EU, ASEAN eye trade, security partnership
MANILA, Philippines — The European Union (EU) is eyeing a strategic partnership with the Association of Southeast Asian Nations (ASEAN) on trade and security as it promised to enhance its ties with the regional bloc based on human rights and rule of law.
European Council president Donald Tusk said ASEAN, like the EU, is vital for stability “in the challenging regional context and the time of geopolitical volatility.”
“The European Union fully supports ASEAN’s efforts and its mission. We are working towards a strategic partnership to encompass not only trade, investment and sectoral cooperation, but also more security cooperation,” Tusk said during the 40th ASEAN-EU Commemorative Summit yesterday.
“The potential for greater engagement is enormous. From trade to climate, from maritime security to counter-terrorism. Together, we can make our two regions stronger,” he added.
Tusk said the EU remains committed to “a strong and cohesive ASEAN developing in its own character, in the best interest of regional prosperity, stability and security.”
He said the two blocs could further enhance their relations “based on common interests and shared values of democracy, human rights, and rule of law is a priority for the EU.”
“Many of our interests coincide and still many of the challenges we face. Forty years on, I am personally, very glad we have the ASEAN-EU ready and available as a bridge between Asia and Europe in troubling times,” Tusk said.
Tusk said bilateral trade deals between the EU and Singapore, Vietnam, Indonesia, Malaysia, Philippines, and Thailand would be the stepping stones towards a future region-to-region trade agreement that can set a new standard for global trade.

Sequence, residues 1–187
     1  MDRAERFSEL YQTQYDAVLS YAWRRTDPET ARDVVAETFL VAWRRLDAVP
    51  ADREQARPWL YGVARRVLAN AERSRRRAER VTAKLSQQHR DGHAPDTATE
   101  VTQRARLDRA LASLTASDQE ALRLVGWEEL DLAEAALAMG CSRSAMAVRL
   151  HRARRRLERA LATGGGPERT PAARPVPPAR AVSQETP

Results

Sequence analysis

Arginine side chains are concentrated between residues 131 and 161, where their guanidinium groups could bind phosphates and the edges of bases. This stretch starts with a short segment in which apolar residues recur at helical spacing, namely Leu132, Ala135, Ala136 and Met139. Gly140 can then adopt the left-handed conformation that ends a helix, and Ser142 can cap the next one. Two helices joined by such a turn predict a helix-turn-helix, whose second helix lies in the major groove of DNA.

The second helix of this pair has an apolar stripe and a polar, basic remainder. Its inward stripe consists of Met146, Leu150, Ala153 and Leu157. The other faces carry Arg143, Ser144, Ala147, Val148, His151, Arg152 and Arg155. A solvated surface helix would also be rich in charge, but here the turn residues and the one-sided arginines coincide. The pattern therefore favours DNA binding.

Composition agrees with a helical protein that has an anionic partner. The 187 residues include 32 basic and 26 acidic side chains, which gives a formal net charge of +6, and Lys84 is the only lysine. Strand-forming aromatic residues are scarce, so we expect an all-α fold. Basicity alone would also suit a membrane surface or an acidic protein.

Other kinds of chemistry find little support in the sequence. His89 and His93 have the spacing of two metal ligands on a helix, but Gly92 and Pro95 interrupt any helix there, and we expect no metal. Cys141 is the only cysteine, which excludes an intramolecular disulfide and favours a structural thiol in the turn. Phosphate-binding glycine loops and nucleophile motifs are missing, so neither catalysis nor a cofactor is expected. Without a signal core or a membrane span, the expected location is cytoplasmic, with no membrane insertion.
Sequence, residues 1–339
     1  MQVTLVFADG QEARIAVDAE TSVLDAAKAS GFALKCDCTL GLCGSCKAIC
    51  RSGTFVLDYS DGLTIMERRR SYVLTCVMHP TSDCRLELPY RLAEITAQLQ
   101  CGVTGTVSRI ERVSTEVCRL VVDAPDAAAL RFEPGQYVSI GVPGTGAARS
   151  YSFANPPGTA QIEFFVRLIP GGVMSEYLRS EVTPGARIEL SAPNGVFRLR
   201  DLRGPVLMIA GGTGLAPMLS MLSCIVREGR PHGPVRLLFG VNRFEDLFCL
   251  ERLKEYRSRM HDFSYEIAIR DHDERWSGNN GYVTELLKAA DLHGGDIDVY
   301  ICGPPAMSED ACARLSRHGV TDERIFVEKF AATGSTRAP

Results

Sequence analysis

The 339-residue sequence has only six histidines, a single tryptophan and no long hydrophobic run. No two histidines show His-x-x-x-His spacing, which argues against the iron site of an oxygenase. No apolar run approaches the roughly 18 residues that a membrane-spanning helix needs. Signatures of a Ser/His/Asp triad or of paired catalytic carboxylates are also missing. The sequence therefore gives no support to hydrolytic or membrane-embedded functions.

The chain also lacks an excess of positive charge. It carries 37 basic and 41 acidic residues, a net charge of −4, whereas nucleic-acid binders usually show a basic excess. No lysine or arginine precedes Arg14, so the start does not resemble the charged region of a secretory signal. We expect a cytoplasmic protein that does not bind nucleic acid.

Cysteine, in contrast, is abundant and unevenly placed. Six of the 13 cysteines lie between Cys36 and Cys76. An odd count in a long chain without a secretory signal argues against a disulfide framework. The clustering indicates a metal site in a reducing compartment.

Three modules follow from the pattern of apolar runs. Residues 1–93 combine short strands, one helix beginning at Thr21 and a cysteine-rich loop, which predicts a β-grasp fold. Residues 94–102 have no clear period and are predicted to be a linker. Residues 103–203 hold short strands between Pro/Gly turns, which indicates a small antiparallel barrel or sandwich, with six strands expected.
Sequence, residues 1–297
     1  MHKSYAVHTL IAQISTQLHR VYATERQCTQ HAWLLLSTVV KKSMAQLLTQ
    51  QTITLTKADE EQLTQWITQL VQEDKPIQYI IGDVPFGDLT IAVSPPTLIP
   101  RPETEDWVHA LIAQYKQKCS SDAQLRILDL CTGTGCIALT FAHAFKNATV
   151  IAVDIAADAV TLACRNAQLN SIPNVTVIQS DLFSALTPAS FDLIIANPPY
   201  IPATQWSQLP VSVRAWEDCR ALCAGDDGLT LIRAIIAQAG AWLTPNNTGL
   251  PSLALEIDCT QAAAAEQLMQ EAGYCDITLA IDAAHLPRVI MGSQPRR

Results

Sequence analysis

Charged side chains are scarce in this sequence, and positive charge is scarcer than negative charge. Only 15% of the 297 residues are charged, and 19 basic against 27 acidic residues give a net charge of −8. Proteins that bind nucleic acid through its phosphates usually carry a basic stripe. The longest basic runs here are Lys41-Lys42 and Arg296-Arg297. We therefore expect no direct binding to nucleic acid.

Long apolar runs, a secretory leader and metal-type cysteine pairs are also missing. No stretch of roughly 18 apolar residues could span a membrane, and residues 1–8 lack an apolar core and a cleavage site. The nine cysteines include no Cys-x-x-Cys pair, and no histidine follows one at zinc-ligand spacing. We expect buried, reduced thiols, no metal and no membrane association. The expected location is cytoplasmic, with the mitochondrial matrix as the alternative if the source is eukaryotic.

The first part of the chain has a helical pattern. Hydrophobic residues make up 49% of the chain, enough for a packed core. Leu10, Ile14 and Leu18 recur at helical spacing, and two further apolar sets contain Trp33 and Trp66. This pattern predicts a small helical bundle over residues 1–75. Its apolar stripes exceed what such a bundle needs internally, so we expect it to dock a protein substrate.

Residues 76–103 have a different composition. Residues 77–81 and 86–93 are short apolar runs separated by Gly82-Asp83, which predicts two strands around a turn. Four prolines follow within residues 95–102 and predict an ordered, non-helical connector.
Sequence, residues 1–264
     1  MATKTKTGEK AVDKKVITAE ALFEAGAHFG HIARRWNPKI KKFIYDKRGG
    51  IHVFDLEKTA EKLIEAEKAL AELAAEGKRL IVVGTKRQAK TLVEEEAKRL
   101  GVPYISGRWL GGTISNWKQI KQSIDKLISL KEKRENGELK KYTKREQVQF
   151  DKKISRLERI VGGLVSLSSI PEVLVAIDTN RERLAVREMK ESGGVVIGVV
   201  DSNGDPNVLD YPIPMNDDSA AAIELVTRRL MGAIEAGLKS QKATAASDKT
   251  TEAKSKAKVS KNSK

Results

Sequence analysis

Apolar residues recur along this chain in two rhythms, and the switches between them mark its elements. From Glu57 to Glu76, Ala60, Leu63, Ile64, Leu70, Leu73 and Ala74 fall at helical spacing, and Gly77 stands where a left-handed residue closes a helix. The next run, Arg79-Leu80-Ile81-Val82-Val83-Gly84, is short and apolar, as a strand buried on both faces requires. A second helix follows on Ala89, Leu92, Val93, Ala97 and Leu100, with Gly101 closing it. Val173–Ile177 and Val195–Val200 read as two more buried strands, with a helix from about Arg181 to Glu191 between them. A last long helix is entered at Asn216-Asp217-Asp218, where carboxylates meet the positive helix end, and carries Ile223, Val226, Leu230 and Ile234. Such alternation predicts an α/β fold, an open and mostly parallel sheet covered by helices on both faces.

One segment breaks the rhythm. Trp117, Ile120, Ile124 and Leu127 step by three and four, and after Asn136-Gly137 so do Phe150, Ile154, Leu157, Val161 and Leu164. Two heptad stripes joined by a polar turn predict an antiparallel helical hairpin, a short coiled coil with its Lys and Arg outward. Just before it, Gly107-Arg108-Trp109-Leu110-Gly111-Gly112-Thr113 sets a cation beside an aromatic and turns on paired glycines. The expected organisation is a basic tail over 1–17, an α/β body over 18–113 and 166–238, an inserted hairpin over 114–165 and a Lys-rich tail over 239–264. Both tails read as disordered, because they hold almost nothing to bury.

“ASEAN and the EU are both economic powers. Free and fair trade is and always will be in our DNA. Today, EU investors are the leading providers of foreign direct investment to ASEAN countries,” he said.
Tusk also cited the people-to-people exchanges between the two blocs, calling it the “best investment in the future.”
“Our relationship is also about investing in people. Each year, over 1,300 ASEAN students and staff from universities received scholarships in almost 600 European and almost 600 European students and staff traveled to ASEAN countries under the EU’s Erasmus Plus program,” he said.
Tusk said ASEAN and EU need to strengthen its cooperation as most of the issues confronting some countries have a global impact.
“Conflict in the EU’s neighborhood have an impact on markets and societies as well, including here in this region in Southeast Asia. And tensions and radicalization in the Asia Pacific can destabilize the world beyond the origin,” Tusk said.